As9de from Messebo, Derba-Midroc Cement Factory and Jemma Cement Factory are also carrying out expansion projects, according to a document obtained from MoI.

Upon being completed in 2012, these projects are expected to boost the country’s production capacity by 2.9 million tonnes.

As part of its expansion, Mugher is constructing a new factory around Tatek Military Camp, located 12km west of the capital.

Upon the completion of its expansion projects, Mugher is expected to have an annual production capacity of 1.4 million tonnes of cement by the end of 2014/15, according to MoI, which also pegs the annual production capacity of Messebo at an expected 1.4 million tonnes that year.

The new entrant to the market, Habesha Cement, is expected by MoI to annually produce 790,000tn of cement.

Habesha laid the cornerstone for its cement factory on May 13, 2011, in the Oromia Regional State. Northern Heavy Machinery Industries (NHMI), a Chinese company, was awarded the engineering, procurement, and construction (EPC) contract of the factory, in September 2010.

Question, whos development is this? (Cement factory?)

Coordinates: 9.021957,38.638262

on New Ambo road, before Menangesha and way before Adis Alem

Im not sure if it is Habesha Cement, I know they have their site near Holeta which should be within that same area (a little further west I believe) but just wanted to confirm if anyone here knows. And if it is Habesha, I had no idea they were this far into construction...
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I think it's Habesha Cement. It's definitely not Midroc since that's on the way to Sululta and it's not the Chinese one because that's down South.
I think its the new expansion factory of mugher cement factory since it looks like in tatek military camp area.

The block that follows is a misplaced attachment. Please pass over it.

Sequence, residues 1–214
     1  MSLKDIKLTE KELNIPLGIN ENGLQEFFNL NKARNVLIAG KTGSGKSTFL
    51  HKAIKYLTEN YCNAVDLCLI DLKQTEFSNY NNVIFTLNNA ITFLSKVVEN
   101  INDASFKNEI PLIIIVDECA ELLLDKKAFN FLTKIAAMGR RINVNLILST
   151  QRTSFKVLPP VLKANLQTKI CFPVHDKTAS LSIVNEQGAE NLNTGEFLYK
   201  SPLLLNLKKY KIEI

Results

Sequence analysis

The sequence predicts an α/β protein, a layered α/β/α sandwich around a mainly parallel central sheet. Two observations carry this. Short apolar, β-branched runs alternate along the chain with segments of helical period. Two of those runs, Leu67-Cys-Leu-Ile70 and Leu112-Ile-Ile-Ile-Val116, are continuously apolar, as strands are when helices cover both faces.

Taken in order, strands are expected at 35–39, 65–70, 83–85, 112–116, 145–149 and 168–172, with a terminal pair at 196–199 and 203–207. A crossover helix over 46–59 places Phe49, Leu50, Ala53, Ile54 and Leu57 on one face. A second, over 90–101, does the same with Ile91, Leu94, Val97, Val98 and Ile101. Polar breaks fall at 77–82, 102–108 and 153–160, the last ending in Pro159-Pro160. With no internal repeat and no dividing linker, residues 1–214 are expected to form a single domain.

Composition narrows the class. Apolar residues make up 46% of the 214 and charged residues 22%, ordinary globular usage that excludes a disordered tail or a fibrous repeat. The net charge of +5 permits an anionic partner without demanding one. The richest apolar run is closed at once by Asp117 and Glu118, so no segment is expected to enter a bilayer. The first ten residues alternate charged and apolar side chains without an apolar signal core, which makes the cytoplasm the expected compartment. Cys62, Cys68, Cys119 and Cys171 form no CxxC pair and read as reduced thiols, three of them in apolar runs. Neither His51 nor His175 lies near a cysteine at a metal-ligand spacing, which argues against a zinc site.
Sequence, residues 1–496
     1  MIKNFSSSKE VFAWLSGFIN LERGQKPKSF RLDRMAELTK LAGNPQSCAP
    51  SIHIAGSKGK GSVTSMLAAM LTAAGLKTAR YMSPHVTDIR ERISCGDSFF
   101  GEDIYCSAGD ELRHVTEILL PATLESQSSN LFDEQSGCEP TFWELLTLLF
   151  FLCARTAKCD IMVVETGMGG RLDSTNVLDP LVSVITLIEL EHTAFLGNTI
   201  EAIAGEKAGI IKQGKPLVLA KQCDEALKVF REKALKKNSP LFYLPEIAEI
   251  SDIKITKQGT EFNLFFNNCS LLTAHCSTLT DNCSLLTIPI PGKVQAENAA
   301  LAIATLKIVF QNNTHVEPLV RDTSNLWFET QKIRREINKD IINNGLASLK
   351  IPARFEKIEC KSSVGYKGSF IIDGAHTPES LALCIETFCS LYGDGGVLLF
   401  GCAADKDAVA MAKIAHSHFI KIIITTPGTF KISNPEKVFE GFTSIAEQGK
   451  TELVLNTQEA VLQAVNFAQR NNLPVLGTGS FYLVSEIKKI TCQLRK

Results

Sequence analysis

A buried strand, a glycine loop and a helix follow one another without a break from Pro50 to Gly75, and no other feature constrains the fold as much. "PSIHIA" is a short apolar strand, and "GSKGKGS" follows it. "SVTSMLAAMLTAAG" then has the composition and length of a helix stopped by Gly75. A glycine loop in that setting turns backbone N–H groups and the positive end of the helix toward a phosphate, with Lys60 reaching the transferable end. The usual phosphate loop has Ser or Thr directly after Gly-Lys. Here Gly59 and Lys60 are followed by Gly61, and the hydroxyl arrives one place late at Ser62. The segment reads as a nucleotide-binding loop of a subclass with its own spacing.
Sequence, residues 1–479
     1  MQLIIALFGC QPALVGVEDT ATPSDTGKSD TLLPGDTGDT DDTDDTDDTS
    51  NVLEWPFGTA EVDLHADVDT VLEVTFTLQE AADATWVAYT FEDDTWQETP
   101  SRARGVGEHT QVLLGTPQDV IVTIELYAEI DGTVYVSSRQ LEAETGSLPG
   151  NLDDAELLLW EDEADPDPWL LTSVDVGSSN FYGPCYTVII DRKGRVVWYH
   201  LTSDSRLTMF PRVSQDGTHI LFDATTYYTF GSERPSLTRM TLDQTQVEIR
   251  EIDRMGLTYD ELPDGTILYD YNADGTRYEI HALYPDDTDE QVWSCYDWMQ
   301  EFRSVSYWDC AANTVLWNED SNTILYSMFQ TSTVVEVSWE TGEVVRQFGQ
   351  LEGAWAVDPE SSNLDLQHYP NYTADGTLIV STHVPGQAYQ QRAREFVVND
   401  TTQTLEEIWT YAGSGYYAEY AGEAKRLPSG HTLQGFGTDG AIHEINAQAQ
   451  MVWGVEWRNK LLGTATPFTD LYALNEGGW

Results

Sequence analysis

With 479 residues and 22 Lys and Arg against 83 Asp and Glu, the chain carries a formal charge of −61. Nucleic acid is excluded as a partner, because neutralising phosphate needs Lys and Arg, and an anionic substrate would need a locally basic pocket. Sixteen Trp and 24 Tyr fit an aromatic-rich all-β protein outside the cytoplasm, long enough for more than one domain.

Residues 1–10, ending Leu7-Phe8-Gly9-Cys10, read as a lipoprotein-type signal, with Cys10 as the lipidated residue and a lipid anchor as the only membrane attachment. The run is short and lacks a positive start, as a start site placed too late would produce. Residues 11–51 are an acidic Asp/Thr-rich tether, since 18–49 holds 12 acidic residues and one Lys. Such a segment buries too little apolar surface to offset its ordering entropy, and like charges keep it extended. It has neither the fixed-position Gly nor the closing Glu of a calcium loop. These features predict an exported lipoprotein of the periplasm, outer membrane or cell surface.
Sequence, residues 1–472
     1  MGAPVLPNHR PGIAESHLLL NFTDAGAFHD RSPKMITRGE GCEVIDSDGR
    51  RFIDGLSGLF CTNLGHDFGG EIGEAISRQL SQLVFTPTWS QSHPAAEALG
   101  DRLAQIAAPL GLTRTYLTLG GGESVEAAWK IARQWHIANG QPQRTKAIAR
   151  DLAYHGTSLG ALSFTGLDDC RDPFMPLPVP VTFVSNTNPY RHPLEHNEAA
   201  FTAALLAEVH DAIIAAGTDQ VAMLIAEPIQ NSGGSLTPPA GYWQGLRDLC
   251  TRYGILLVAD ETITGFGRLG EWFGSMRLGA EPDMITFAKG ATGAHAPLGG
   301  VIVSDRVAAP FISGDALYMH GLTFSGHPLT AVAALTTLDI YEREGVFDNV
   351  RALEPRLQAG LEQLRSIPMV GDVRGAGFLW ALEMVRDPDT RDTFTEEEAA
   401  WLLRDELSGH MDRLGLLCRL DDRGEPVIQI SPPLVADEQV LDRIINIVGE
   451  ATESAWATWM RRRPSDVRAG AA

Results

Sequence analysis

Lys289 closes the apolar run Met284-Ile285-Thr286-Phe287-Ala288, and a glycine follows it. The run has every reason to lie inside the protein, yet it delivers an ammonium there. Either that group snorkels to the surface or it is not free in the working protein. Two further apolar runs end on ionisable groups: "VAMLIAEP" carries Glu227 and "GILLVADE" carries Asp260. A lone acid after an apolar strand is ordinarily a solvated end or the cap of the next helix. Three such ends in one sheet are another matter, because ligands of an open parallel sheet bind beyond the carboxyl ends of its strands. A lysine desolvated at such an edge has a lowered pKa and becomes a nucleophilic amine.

Yeah Im suspecting it could be habesha as well, but I forgot all about the Mugher expansion, your right abnet that could be it also:

Preparations are underway to install the clinker production machinery at Mugher, while the cement mill would be installed on 20 hectares of land around the area commonly known as Tatek 10-kms west of Addis Ababa.


While looking for other ideas, I ran across some other stuff I had forgetten.Apparently, Dangote of Nigeria is planning to build a cement factory as was Lefarge of France. Not sure how far along any of these projects are now though.

Dangote To Invest $250 Million Into Ethiopian Cement Industry

Lafarge setting up cement plant in Ethiopia


Anyway I'll probably move this thread to cement development since it fits that topic...
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Lalibela Strives to Meet Cement Demand
Cement factory expects to produce 1.2 million tonnes cement annally.

Lalibela Share Cement Factory, a subsidiary of Tiret Endowment, has started selling shares to the general public on June 30, 2011. The sale of shares will continue until June 30, 2012, it announce.

Lalibela has made a public offering of 246,000 shares, with each share valued at 5,000 Br, with the aim to raise 1.2 billion Br. A minimum of three shares must be purchased, and the maximum number of shares that can be purchased is 52,800 shares. Lalibela plans to raise 880 million Br, 40pc from bank loans, and 1.3 billion Br, 60pc through the sale of shares, to reach a target of 2.2 billion Br.

The company’s prospectus touts that shareholders can expect a return of 2,130 Br in yearly profits for every 5,000 Br in shares, as earnings are predicted to be no less than 563 million Br in yearly profits. Share purchases must be made in three phases, with 40pc of the share payments paid initially, 30pc paid in six months, and the final 30pc should be paid in the third and final phase, according to Lalibela.